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The following is a list of English translations of Acts 15:34:

  • King James Version (KJV)

34 Notwithstanding it pleased Silas to abide there still. KJV, 1769

  • Young’s Literal Translation (YLT)

34 and it seemed good to Silas to remain there still. YLT, 1862

  • American Standard Version (ASV)

34 But it seemed good unto Silas to abide there. ASV, 1901

  • Douay-Rheims (DR)

34 But it seemed good unto Silas to remain there; and Judas alone departed to Jerusalem. DR, 1899

  • Noah Webster Bible (NWB)

34 Notwithstanding, it pleased Silas to abide there still. NWB, 1833

Each of these versions express a similar idea. However, several versions of the Bible lack such a reference, including Westcott and Hort, the Latin Vulgate, Bible in Basic English, Darby’s English Translation, etc.

Since it seems to be missing in some texts, which manuscripts contain the phrase? And if it is missing from important source materials, could it have been added later?

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Two things usually drive the decision to include/exclude a phrase or sentence from translations of the NT:

1) An underlying analysis of the 'family tree' of the hundreds of thousands of fragments & manuscripts of the NT text, which is neatly summarised in a short table on Wikipedia's Textual Criticism page. In brief, all the translations in your list are 16th–19th century European, and based largely on the "Byzantine" text-type which was available in Europe at the time.

Modern translations—and the dividing line is the publication of Westcott & Hort (1881)—have preferred the Alexandrian text-type which is (if I remember correctly) about 10% shorter. One reason for this switch is that during the 1800s western scholars got access to older, 2nd–4th century, evidence for the Alexandrian type, compared to 5th century onwards for the Byzantine. (How these dates are arrived at is another subject). Earlier European translators only had access to the Byzantine text types.

2) A comparison of the various manuscripts in any given case. For this, without travelling round the world's universities, musea & libraries, we usually turn to "the" critical edition of the Greek New Testament, the successor to Westcott & Hort, which is the Nestlé-Aland and/or the UBS Greek NT (they are nearly identical) which omit the verse. (Sadly, unlike the print edition, the website does not list which specific manuscripts include or exclude the verse).

The UBS print edition gives this same list—@the-nontheologian's answer gives most of the list—and then adds a rating from A (which they call "certain") down to D ("which occurs only rarely, indicates that the Committee had great difficulty in arriving at a decision") at places where there is manuscript variation. For Acts 15:34 they give an A-rating to omitting it. (For short, often one-sentence, comments on why the UBS committee rated a passage as such, Bruce Metzger "Textual Commentary on the Greek New Testament" is the source).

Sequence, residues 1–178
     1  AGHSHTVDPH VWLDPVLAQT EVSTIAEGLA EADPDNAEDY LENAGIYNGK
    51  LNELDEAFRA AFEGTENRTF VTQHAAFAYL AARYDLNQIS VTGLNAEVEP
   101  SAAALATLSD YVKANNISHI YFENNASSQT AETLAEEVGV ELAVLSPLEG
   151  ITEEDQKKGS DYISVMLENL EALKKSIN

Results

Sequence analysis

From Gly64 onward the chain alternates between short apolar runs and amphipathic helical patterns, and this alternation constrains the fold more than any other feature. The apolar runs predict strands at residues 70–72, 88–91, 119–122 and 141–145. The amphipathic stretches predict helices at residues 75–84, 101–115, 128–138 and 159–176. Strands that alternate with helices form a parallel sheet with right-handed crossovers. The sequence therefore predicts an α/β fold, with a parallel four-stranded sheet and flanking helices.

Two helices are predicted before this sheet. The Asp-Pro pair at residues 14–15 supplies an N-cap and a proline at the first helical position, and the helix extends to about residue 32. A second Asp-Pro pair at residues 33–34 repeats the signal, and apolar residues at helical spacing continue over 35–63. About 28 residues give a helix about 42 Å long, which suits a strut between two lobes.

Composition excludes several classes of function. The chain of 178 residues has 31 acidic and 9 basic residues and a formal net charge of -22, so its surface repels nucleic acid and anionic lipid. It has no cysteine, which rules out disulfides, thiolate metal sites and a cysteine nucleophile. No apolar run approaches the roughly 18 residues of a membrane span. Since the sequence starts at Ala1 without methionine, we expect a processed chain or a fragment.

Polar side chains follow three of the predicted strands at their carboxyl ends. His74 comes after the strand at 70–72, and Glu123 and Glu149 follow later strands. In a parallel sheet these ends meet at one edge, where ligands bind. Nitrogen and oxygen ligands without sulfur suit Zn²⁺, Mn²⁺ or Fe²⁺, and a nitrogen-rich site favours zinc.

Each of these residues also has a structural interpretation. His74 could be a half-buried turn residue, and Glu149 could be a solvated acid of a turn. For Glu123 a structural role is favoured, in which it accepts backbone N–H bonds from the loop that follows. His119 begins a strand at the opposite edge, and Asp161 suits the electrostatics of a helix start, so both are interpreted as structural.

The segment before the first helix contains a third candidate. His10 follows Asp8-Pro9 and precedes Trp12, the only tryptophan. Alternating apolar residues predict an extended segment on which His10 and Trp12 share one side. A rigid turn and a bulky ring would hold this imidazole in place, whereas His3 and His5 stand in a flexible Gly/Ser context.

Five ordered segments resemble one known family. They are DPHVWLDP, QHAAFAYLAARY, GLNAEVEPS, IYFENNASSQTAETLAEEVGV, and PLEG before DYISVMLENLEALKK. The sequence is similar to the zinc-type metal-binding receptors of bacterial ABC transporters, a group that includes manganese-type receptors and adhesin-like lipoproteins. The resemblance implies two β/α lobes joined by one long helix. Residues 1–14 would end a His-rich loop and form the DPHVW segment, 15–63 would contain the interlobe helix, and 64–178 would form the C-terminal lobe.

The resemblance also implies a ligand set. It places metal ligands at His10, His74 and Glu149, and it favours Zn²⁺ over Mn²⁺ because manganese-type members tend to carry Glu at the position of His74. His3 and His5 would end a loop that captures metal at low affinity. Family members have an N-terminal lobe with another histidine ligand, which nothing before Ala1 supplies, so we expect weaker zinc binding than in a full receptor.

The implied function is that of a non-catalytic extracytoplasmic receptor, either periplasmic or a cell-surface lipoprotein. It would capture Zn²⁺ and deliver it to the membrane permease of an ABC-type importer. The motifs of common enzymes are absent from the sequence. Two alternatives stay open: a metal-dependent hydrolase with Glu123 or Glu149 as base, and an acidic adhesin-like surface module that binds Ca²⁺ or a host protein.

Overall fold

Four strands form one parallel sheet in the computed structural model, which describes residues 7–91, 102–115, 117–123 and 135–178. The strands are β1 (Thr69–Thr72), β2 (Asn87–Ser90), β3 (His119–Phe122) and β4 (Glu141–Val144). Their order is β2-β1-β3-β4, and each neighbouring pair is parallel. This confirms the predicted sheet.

The reasoning used when some manuscripts include and some exclude a passage is sometimes one of:

  1. There is a repeated word or phrase in the longer version of the passage, and the shorter versions seems to skip over the words in-between. We then guess the shorter one is a copyist's slip-of-the-eye, and the longer version is original.

  2. The longer version seems to be an expansion or explanation of the shorter version, and the shorter version seems quite 'rough' or hard to understand. We then guess this is a copyist's deliberate addition, trying to explain a difficult text, and that the shorter version is original.

And this brings us to the second reason that modern translations (where 'modern' means, after Westcott & Hort) prefer the Alexandrian text-type. It's because many of the differences between Byzantine & Alexandrian—including exactly your example of Acts 15:34—are more easily explained by option 2: that the longer text is a copyist's explanatory expansion of a shorter original text. See e.g. Wikipedia page for Alexandrian_text-type.

In the case of this verse then. We (1) look at the manuscripts which include/omit the verse (2) notice that the usual two arguments given above in favour of Alexandrian text-types both seem applicable here; and (3) come down on the side of the Alexandrian text-type and say that v34 is an explanatory gloss, not the original text.

And that's why modern translations all omit it.

  • Noted. I added a bit. Mostly a reference to @non-theologian's answer because he listed the relevant manuscripts already before I wrote this answer. – Chris F Carroll Jan 19 '17 at 18:46
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The verse is missing from the majority of texts, as well as from the Sinaiticus (4th c.), Alexandrinus (5th c.), Vaticanus (4th c.) Codices. It is present in the Ephraemi and Bezae Codices (both 5th c.) (see, e.g., apparatus to Nestle-Aland Greek-English New Testament, 11th ed.)

None of this proves absolutely, however, what was in the "original" text. Before the legalization of Christianity in the Roman Empire under Constantine, Christian Scriptures were routinely destroyed in the course of various persecutions (see, e.g., Eusebius' Church History VII.II), so we have few manuscripts available to us that date from before the 4th century.

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    This answer, especially the second paragraph, could benefit from citing sources. – user2910 Jan 9 '17 at 17:26
  • @MarkEdward - done – user15733 Jan 9 '17 at 18:03

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